News Releases

Swim, paddle, relax: Dive into the summer secrets of seven Willamette Valley reservoirs

Portland District
Published May 22, 2024
Man rides jetski on a body of water.

Nick Hansen, 22, of Etna, California, riding a jetski at Fall Creek Reservoir on May 31, 2014.

This Memorial Day weekend and continuing into the summer, the U.S. Army Corps of Engineers' (USACE) reservoirs in the Willamette Valley are overflowing with recreation opportunities for visitors of all ages.

"Thanks to the spring rain, many of our reservoirs are over 80% full, and we're excited to invite the public out to experience the beauty of our locations in the Willamette Valley," said Paige King, a ranger with the U.S. Army Corps of Engineers. "Whether you're into paddle boarding, boating, camping, or simply experiencing nature, there's something for everyone to enjoy."

Ranger King added that USACE campgrounds in the Willamette Valley have more availability during the week and on non-holiday weekends, and visitors who would like to camp should make reservations as early as possible.

Here's a snapshot of the recreation opportunities available at some USACE reservoirs:

Fall Creek: This location is a haven for stand-up paddleboarders. North Shore, a low-water boat ramp, and Winberry, a high-water boat ramp are open.
Cottage Grove: At Pine Meadows campground, it’s possible to pull boats next to shoreline campsites. The Lakeside and Wilson Creek boat ramps are open.
Dorena: Harms Boat Ramp offer adventures for both motorized boaters and kayak enthusiasts. Bake Stewart Park provides a haven for experienced kayakers and is not very busy this time of year.
Fern Ridge: Paddleboarders tend to flock to Shore Lane, which has less motorized boat traffic. West Kirk is ideal for non-motorized boaters, fishing enthusiasts, and those seeking tranquility.
Lookout Point: Both Signal Point, a low-water boat ramp, and Meridian, a high-water boat ramp, are open for boaters and kayakers, catering to varying water levels and preferences.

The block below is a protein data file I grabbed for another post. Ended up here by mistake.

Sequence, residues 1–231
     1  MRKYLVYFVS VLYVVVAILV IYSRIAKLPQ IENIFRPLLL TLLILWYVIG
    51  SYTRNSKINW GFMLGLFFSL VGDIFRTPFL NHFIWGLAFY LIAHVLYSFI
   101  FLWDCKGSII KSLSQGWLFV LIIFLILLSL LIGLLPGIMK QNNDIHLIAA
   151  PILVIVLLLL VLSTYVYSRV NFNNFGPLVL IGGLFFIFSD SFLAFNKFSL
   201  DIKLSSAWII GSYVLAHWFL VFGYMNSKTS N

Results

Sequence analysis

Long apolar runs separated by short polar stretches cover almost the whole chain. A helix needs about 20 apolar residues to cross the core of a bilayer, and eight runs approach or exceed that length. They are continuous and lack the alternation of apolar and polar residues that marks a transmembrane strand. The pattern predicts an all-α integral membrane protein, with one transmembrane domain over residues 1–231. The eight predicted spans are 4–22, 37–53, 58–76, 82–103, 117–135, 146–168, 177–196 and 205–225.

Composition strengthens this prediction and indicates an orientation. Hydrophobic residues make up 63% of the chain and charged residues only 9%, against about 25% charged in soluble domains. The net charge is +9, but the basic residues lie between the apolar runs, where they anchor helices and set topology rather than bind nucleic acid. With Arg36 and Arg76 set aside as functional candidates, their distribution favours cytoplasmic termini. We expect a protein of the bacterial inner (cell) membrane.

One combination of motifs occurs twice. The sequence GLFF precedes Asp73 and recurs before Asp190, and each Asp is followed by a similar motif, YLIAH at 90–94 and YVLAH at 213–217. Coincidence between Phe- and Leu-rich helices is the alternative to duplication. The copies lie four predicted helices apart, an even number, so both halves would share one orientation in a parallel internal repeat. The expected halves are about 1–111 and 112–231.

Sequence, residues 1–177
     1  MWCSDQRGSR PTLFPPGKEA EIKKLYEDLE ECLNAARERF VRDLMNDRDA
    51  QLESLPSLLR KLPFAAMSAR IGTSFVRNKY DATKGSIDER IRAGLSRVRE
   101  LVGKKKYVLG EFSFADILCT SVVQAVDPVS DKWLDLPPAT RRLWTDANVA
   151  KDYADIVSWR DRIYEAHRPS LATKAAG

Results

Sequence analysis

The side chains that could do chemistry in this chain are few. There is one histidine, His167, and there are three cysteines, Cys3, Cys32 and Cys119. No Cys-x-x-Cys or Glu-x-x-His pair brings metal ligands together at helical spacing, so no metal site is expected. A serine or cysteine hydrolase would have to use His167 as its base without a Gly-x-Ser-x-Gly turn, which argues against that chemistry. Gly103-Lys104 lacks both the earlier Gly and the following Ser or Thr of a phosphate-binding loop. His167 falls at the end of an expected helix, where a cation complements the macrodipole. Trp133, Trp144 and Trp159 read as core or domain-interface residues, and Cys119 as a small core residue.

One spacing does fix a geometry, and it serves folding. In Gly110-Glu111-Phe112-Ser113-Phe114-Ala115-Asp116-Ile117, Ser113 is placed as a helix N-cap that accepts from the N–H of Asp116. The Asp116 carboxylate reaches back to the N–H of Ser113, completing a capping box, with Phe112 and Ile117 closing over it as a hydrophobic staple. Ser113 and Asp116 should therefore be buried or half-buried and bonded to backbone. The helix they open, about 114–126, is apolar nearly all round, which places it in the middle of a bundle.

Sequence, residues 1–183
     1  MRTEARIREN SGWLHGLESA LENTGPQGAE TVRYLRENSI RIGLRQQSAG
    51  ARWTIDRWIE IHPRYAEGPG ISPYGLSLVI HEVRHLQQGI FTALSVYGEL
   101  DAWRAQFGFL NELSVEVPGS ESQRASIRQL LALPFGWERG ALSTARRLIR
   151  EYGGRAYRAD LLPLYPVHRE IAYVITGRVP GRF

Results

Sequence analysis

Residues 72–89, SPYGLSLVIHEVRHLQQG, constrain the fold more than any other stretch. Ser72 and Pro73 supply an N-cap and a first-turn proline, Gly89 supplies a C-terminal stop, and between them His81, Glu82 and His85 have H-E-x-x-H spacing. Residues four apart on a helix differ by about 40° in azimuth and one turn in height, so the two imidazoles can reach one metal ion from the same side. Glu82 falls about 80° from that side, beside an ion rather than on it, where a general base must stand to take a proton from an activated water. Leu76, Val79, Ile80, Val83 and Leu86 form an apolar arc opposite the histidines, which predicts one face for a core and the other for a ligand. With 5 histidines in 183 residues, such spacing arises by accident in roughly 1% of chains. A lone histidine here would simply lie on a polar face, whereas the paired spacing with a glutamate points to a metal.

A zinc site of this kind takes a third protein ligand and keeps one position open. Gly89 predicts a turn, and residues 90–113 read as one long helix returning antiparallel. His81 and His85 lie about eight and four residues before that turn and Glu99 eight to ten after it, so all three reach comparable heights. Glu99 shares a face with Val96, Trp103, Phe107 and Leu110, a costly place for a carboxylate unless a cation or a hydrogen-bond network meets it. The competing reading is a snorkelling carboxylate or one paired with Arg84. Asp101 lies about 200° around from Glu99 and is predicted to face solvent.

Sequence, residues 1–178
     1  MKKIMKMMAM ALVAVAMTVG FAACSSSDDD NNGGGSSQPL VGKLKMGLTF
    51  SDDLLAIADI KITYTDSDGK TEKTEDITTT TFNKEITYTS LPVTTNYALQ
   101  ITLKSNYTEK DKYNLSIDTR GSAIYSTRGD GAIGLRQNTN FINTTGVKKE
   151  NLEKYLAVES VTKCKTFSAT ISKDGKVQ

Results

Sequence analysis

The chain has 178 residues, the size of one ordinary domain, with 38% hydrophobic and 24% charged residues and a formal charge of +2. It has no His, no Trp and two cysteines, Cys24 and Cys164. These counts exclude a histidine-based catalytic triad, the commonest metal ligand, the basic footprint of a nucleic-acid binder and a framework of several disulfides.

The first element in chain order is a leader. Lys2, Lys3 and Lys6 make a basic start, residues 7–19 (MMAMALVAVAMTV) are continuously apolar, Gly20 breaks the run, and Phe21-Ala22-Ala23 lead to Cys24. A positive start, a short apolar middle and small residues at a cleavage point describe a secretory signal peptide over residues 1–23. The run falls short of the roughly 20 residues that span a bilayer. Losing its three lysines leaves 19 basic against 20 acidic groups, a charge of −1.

Foster: Water-skiing and motorized boating are very popular activities here, so the lake can be crowded on weekends and holidays; visitors are encouraged to plan accordingly.
Detroit: One of USACE's most popular Willamette Valley locations, Detroit offers boat ramps, picnic tables and scenic views from the day-use area. The reservoir is also a designated stop along the Mt. Jefferson section of the Oregon Cascades Birding Trail.

Water safety remains a top priority. Visitors are reminded to wear properly-fitted life jackets and carry a whistle. Children aged 12 and under must always wear a life jacket. ​Operators are required to carry a Waterway Access Permit for all motorized and non-motorized water craft 10 feet or longer, including sailboats between 10'-11'11; permits can be purchased through ODFW's eLicensing system and through the Marine Board's Boat Oregon Store. Children 13 and younger are not required to have a permit.

Visitors are encouraged to reach out to local offices to confirm site openings and to check the levels of the Willamette Valley reservoirs.

For boaters seeking information about boat ramp access availability, the Oregon State Marine Board website provides up-to-date details.

About the U.S. Army Corps of Engineers:
The Portland District was established in 1871 and has one of the nation's most comprehensive and diversified civil works programs.

Covering most of Oregon and southwestern Washington, the district operates locks and dams along the Columbia River, operates dams in the Willamette Valley for flood risk management, maintains Oregon's coastal rivers for navigation and leads the nation in hydropower generation, all while ensuring equal attention to environmental protection and restoration, fish and wildlife enhancement and recreation.

Kerry Solan

Release no. 24-006

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